The U.S. economy likely lost a staggering 22 million jobs in April, in what would be the steepest plunge in payrolls since the Great Depression and the starkest sign yet of how the novel coronavirus pandemic is battering the world’s biggest economy, Reuters reports.
A report that is closely watched in any given month but especially so now with non-essential businesses in mandatory shutdowns nationwide to contain the coronavirus, the Labor Department’s monthly employment report on Friday is also expected to show the jobless rate surging to at least 16% last month. That would shatter the post-World War Two record of 10.8% touched in November 1982.
The numbers will likely strengthen analysts’ expectations of a slow recovery from the recession caused by the pandemic. It would add to a pile of bleak data on consumer spending, business investment, trade, productivity and the housing market in underscoring the devastation unleashed by lockdowns imposed by states and local governments in mid-March to slow the spread of COVID-19, the respiratory illness caused by the virus.
The economic crisis spells trouble for President Donald Trump’s bid for a second term in the White House in November’s election. After the Trump administration was criticized for its initial reaction to the pandemic, Trump is eager to reopen the economy, despite a continued rise in COVID-19 infections and dire projections of deaths.
“Our economy is on life support now,” said Erica Groshen, a former commissioner of the Labor Department’s Bureau of Labor Statistics. “We will be testing the waters in the next few months to see if it can emerge safely from our policy-induced coma,” added Groshen, who is now a senior extension faculty member at the Cornell University School of Industrial and Labor Relations.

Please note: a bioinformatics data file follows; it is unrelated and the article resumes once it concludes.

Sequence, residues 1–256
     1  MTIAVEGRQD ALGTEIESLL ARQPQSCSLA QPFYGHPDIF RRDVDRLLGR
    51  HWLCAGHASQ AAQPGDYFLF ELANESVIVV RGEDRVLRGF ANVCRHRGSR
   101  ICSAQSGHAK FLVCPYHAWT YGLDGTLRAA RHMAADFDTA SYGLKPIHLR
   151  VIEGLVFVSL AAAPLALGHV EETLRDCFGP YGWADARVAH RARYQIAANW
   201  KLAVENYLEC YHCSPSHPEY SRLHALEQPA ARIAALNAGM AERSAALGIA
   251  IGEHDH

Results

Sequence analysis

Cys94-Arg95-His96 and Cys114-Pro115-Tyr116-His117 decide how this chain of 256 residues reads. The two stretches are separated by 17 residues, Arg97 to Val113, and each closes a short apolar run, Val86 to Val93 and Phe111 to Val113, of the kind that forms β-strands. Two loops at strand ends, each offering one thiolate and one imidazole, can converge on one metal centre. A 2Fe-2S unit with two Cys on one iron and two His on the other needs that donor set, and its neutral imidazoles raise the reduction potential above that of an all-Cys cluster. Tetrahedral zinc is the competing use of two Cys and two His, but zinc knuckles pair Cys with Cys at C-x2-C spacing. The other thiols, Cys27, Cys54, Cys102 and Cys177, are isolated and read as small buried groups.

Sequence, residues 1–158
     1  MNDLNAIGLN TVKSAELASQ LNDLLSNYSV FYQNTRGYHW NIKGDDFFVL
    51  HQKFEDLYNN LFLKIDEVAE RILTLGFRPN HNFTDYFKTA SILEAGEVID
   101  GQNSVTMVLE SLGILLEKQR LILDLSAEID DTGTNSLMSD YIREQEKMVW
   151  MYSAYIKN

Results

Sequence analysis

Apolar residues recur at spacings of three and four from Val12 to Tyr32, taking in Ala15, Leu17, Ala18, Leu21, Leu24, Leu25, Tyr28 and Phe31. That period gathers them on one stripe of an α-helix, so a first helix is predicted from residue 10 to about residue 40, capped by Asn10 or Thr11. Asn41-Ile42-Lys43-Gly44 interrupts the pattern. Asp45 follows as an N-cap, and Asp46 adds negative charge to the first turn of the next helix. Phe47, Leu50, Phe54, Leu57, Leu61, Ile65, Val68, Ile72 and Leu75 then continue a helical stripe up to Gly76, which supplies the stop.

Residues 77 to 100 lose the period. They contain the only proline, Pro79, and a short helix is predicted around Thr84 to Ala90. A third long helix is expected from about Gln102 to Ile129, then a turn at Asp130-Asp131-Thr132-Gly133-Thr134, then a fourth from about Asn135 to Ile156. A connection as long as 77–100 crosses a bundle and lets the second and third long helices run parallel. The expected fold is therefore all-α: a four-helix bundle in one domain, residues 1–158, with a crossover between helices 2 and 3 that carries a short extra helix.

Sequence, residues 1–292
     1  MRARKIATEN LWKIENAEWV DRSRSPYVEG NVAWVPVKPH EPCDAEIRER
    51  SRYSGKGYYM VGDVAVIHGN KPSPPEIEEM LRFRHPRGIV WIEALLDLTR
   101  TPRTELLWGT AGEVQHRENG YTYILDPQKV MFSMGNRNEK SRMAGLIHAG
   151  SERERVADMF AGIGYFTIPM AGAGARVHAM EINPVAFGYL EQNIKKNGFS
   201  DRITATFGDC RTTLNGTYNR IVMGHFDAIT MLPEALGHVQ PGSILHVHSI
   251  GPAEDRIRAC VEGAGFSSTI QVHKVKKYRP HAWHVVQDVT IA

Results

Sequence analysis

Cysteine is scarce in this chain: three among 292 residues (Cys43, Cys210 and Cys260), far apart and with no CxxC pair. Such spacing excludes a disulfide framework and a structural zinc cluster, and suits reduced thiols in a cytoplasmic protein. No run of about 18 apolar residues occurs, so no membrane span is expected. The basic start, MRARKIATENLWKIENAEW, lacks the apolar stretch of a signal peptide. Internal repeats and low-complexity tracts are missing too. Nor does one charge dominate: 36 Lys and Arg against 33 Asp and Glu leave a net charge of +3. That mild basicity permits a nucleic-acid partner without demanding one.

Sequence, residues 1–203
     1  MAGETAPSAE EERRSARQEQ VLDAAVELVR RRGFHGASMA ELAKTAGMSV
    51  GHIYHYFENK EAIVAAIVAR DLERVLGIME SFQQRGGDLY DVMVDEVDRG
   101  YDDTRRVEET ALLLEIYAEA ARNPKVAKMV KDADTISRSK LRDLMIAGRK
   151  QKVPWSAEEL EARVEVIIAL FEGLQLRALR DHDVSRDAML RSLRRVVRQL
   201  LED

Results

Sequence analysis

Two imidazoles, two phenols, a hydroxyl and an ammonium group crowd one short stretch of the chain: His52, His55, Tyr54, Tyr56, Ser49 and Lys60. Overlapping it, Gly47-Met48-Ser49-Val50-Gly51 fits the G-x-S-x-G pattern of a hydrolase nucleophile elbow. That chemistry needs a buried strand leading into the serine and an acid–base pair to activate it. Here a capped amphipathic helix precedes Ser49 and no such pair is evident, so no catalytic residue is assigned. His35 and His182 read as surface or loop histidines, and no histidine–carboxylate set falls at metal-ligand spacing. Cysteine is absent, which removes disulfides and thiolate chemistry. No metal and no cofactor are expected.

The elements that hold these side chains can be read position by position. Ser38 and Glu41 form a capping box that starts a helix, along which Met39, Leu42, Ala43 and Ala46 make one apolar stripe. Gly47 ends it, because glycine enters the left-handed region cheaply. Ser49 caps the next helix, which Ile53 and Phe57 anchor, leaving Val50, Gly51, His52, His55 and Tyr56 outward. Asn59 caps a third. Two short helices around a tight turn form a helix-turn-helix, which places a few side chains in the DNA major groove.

The historic dive in April nonfarm payrolls predicted in a Reuters survey anticipates job losses in nearly all sectors of the economy, with larger layoffs in the leisure and hospitality industry – mainly restaurants and bars. It would follow the shedding of 701,000 jobs in March, which ended a record streak of employment gains dating to October 2010.
Estimates in the survey ranged to as much as a loss of 35 million. Forecasts for April’s unemployment rate, which was at 4.4% in March, were as high as 22%.
There is great uncertainty surrounding last month’s estimates because of the nature and speed of the job losses.
A total of 26.5 million people had filed claims for jobless benefits and 16.2 million were on unemployment rolls through the week of April 12, when the government canvassed establishments and households for payrolls and the unemployment rate.
Eligibility for unemployment benefits has been greatly expanded to include contractors and gig workers among others, overwhelming local employment offices with applications and leading to backlogs, Reuters adds.
Economists believe the numbers of people applying for unemployment aid and those continuing to receive benefits are understated. Meanwhile, some people might be filing more than one claim, and workers whose hours have been cut because of COVID-19 can also seek unemployment benefits.